Reporting Jeff Ray
Filed underStorm Team Blog
The best thing I can say about the weather today is that the humidity will continue to be low. Highs will reach into the mid-to-upper 90′s this afternoon, a shade warmer than yesterday and motivation to find some later this day. Again not much in wind and plenty of sunshine equates to pollution problems: it’s another Ozone Action Day.
A nice view of the full moon tonight. The third full moon of the summer season, the traditional definition of “blue moon”. These days we use that phrase to describe a second full moon to rise in the same month. The moon doesn’t show up as a shade of blue by the way, it’s just a saying.
High pressure to our west has provided an easterly wind lately, this keeps the high humidity diverted down into south Texas. This dome of high pressure will shift to the east. The first effect will be a jump into the upper 90′s for highs by tomorrow:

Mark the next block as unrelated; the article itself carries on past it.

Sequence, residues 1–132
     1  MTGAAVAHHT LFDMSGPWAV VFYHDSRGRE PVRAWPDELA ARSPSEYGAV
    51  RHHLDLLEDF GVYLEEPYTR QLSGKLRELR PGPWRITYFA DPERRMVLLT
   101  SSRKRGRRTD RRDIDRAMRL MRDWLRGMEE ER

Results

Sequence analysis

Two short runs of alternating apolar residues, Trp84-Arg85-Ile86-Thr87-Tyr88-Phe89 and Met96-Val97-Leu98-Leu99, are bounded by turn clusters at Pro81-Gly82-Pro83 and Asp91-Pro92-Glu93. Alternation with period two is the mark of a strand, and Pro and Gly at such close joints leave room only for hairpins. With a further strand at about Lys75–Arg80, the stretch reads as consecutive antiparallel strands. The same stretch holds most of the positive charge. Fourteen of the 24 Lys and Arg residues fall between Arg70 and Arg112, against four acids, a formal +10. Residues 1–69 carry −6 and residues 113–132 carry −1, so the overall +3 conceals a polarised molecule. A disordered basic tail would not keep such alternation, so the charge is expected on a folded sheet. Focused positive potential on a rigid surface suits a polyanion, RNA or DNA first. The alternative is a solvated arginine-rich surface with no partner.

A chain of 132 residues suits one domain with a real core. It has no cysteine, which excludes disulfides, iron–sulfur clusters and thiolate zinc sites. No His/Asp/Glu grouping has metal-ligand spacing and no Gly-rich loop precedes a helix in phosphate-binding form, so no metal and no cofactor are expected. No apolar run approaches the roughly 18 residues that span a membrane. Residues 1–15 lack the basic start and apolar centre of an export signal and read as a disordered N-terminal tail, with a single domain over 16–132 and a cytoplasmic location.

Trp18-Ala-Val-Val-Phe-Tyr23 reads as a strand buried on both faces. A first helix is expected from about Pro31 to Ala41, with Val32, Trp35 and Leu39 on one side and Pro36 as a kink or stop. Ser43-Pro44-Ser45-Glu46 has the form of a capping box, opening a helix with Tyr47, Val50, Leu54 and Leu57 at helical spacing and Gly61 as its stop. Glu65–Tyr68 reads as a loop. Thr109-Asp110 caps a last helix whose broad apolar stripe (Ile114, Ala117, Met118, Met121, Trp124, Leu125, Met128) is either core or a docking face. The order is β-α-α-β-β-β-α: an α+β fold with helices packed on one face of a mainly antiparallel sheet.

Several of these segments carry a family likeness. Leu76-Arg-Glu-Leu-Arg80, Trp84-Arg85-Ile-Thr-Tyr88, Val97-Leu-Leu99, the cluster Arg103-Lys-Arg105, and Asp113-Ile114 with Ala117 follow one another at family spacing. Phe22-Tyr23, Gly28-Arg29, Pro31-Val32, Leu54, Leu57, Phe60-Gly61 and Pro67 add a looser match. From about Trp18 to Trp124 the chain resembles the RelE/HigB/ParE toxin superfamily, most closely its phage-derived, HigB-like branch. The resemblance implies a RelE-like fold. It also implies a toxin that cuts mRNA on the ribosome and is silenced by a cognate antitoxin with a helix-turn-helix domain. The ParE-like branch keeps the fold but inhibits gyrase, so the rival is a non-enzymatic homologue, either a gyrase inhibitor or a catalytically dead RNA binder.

As it continues to slide to the east it opens the door to Gulf mischief. We should have a tropical disturbance arriving in on the southern flow by weekend. This is the traditional pathway to later-summer rain for us.
This is the peak of the hurricane season for the Atlantic. The set-up is ideal for any tropical storm that develops to get steered into the Gulf; a trough over the eastern half of the U.S. and the Bermuda High squatting off shore from Augusta, Georgia:
However, there is nothing to head this way at this time. The Atlantic basin is barren of tropical storms:
There is too much heat and dust off the African shoreline to give birth to significant tropical waves. We’ll keep a watch, the overall weather pattern in the states doesn’t appear to change much over the next couple of weeks. This makes us vigilant monitoring any tropical activity.
The extended below tells the story: hot and dry weather to end the work week with. As the Gulf opens up the humidity will slip back up to the “uncomfortable” range: